Security services were warned of a terrorist bomb plot weeks before the failed Christmas Day airliner attack, it was claimed today.
Umar Farouk Abdulmutallab was added to a terrorist database in November after US officials were contacted by his father.
But the Dutch Government said security checks at Amsterdam’s Schiphol Airport revealed “no suspicious matters” as the 23-year-old boarded Northwest Airlines Flight 253 to Detroit.
Reports in the US said American government officials received intelligence weeks earlier that a Nigerian was in Yemen being prepared for a terrorist assault.
The US State Department said it would be “premature” to comment on the claim while investigations were continuing.
But the Central Intelligence Agency (CIA) confirmed it had been aware of Abdulmutallab’s “extremist connections” for at least a month.
“We learned of him in November, when his father came to the US embassy in Nigeria and sought help in finding him,” spokesman George Little said.
“We did not have his name before then. Also in November, we worked with the embassy to ensure he was in the government’s terrorist database – including mention of his possible extremist connections in Yemen.”
Dutch Interior Minister Guusje Ter Horst said full body scanners would be introduced at Schiphol Airport for flights to the US.
BAA, which owns six UK airports, including Heathrow, said it would await a European ruling on privacy regulations before considering a similar move.
At a press conference today, Ms Ter Horst said Abdulmutallab was carrying a valid Nigerian passport and US visa.
“No suspicious matters which would give reason to classify the person involved as a high-risk passenger were identified during the security check,” she said.
“It is not exaggerating to say the world has escaped a disaster.”
She described the plan to blow up the Detroit-bound aircraft as “professional” but its execution as “amateurish”.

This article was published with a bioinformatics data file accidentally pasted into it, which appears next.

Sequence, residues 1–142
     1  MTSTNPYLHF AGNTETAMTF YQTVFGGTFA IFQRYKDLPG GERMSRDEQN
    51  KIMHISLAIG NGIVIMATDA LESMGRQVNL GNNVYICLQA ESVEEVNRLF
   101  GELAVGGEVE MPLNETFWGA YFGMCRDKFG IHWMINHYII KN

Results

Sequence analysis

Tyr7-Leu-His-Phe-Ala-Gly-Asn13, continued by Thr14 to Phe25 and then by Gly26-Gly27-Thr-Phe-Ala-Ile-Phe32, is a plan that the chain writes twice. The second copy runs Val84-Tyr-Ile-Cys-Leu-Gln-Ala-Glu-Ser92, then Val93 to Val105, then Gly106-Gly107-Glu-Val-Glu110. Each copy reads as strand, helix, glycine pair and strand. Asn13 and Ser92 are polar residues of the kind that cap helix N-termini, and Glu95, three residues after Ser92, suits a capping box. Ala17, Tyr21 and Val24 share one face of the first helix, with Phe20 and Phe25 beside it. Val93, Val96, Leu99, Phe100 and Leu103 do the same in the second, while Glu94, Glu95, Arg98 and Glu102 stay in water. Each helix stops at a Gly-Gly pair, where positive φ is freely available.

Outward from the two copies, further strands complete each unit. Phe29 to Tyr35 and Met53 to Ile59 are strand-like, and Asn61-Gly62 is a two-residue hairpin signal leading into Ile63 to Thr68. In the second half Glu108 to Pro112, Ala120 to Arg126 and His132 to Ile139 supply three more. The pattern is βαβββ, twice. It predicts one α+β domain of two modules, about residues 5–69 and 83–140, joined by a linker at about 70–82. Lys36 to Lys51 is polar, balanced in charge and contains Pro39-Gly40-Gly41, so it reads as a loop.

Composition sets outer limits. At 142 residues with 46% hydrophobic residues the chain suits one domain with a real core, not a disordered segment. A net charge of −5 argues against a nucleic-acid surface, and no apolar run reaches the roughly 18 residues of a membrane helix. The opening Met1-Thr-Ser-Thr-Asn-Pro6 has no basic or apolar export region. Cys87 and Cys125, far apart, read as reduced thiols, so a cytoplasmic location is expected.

Yesterday US president Barack Obama criticised “systemic” failings that allowed Abdulmutallab to board the flight.
Investigators were today continuing to probe Abdulmutallab’s background in Britain including claims he was radicalised while studying at University College London (UCL).
National Union of Students president Wes Streeting said: “We remain vigilant and concerned by the threat posed by violent extremism, including the serious - though not widespread – problem we face on some UK campuses.
“We must not allow recent events to generate a climate of fear and intimidation on our campuses, particularly for the overwhelming majority of Muslim students who are appalled by violent extremism.”
Ms Ter Horst said Abdulmutallab allegedly assembled the explosive device, including 80 grams of Pentrite, or PETN, in the aircraft toilet and had planned to detonate it with a syringe of chemicals.
She said new technology, which projects “stylised” images on to a computer screen, could overcome privacy concerns surrounding full body scanners and might have intercepted Abdulmutallab.
“Our view now is that the use of millimetre wave scanners would certainly have helped detect that he had something on his body, but you can never give 100% guarantees,” Ms Ter Horst said.
Abdulmutallab, who is charged with trying to destroy an aircraft, is being held at the federal prison in Milan, Michigan.
He allegedly attempted to ignite explosive stored in his underwear as the flight, carrying 280 passengers, made its final descent.
It has emerged Adulmutallab oversaw a week-long “war on terror” event, held two years ago, during his time as president of UCL’s Islamic society.
A series of lectures were held at UCL from January 29 to February 2 2007, including one called “Jihad Vs Terrorism”.
A note on posters produced to promote the event said it had been “approved by Umar Farook – president of UCLU Islamic Society”.
The Nigerian, now known as Umar Farouk, studied an engineering degree at the university between 2005 and 2008 – and was Islamic society president from 2006 to 2007.
Officials said today that an unnamed Somali national was being detained after attempting to board a flight in Mogadishu on November 13, carrying powdered chemicals, liquid and a syringe that could have been used to create an explosion.
US officials were investigating any possible links with the failed Detroit plot.